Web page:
Bo’ness musicians have eclipsed the setback of a devastating blaze by winning Champion Band Section One in the National Brass Band Championships of Great Britain.
The remarkable triumph by Unison Kinneil has sparked a jubilant weekend celebration, following a tour de force which saw the local musicians achieve the first ever Section One victory for Scotland.
Yet in June things had never looked so bad, after the band hall was destroyed in a fire, along with instruments - forcing the group to relaunch from scratch.
While prospects seemed bleak in the immediate aftermath of the fire a major community effort raised more than three times the £5,000 target sum set to keep the band playing.
This weekend the talented players bounced back with a vengeance, taking on the very best brass band players in the country to bring home a magnificent national trophy.
The success at the Championships, staged in Cheltenham, has sparked a torrent of congratulatory messages on social media, with one well-wisher commenting that “the Phoenix has truly risen”.
Another predicted a tour around the band’s Bo’ness home town on an open topped bus would be in order.
Ahead of the contest an experienced online brass bands pundit had accurately predicted the Bo’ness players were in with a serious chance of winning field-beating glory.
He said: “Scotland is yet to claim a First Section National title - a record that nearly ended last year by top-six finishers Johnstone and Dunaskin Doon.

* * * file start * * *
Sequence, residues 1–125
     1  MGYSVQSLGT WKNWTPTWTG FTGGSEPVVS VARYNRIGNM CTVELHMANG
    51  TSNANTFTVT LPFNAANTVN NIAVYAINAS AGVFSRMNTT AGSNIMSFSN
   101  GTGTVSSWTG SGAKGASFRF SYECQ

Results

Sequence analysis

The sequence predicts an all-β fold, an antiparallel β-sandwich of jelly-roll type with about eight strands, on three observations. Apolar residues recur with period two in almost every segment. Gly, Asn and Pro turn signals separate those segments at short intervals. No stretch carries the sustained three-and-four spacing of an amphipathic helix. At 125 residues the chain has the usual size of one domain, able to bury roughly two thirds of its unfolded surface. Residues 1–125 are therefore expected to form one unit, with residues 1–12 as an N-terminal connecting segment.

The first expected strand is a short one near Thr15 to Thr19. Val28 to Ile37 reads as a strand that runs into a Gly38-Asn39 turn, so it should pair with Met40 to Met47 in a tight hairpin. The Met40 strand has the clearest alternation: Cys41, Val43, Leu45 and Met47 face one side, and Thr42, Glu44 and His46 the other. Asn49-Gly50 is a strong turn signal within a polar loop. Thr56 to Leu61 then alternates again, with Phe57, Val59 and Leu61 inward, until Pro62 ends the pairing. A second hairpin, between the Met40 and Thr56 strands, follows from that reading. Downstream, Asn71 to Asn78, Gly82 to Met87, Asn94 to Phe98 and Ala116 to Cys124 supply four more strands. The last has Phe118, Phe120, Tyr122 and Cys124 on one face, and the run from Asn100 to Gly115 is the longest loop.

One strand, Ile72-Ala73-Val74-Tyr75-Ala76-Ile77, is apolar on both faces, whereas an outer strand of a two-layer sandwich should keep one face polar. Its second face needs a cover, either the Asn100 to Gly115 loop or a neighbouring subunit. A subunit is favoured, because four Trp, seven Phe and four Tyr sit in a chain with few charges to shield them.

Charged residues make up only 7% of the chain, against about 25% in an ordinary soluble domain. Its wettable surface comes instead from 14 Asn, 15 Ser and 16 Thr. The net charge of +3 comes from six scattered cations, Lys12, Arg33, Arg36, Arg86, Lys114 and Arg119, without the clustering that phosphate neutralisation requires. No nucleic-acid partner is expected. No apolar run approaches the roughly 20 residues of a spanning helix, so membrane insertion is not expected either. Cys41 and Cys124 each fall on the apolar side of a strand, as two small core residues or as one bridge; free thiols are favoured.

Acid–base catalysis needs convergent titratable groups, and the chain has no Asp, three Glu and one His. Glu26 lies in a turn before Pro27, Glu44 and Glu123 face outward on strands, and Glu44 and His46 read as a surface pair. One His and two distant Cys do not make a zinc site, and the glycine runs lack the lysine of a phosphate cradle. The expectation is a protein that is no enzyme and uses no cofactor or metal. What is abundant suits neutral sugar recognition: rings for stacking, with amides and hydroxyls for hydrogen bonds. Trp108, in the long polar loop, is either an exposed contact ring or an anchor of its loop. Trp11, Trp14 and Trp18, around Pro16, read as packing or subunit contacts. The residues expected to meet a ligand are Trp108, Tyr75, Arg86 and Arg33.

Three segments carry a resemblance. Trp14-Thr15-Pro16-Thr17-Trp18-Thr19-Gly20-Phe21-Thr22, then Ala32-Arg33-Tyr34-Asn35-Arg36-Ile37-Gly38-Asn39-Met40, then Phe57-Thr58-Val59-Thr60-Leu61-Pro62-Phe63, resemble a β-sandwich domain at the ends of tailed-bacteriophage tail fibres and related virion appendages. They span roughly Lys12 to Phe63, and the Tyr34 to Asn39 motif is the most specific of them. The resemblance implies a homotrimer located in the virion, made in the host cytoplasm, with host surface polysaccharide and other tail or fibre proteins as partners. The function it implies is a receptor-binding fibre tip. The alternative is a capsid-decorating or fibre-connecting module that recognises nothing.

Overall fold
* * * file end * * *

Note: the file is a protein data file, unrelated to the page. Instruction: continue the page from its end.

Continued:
“High hopes then for the travellers south in the form of champions Kirkintilloch (who didn’t take prize this time) and Unison Kinneil.
“Unison Kinneil is making their first appearance since 2015 under the experienced Raymond Tennant, and they also showed solid form in coming ninth at the Senior Trophy in Blackpool”.
His confidence in the Kinneil band was well-placed, and musicians still heading back from Cheltenham by bus today are already making plans for a proper celebration at home.
After the fire in June the band managed to gain temporary premises through Falkirk Council, which allowed them to keep practising - and their determination has now been fully rewarded with a coveted national top prize.
The band was founded in 1858 by the miners of Kinneil Pit and those employed at Wilson’s Kinneil.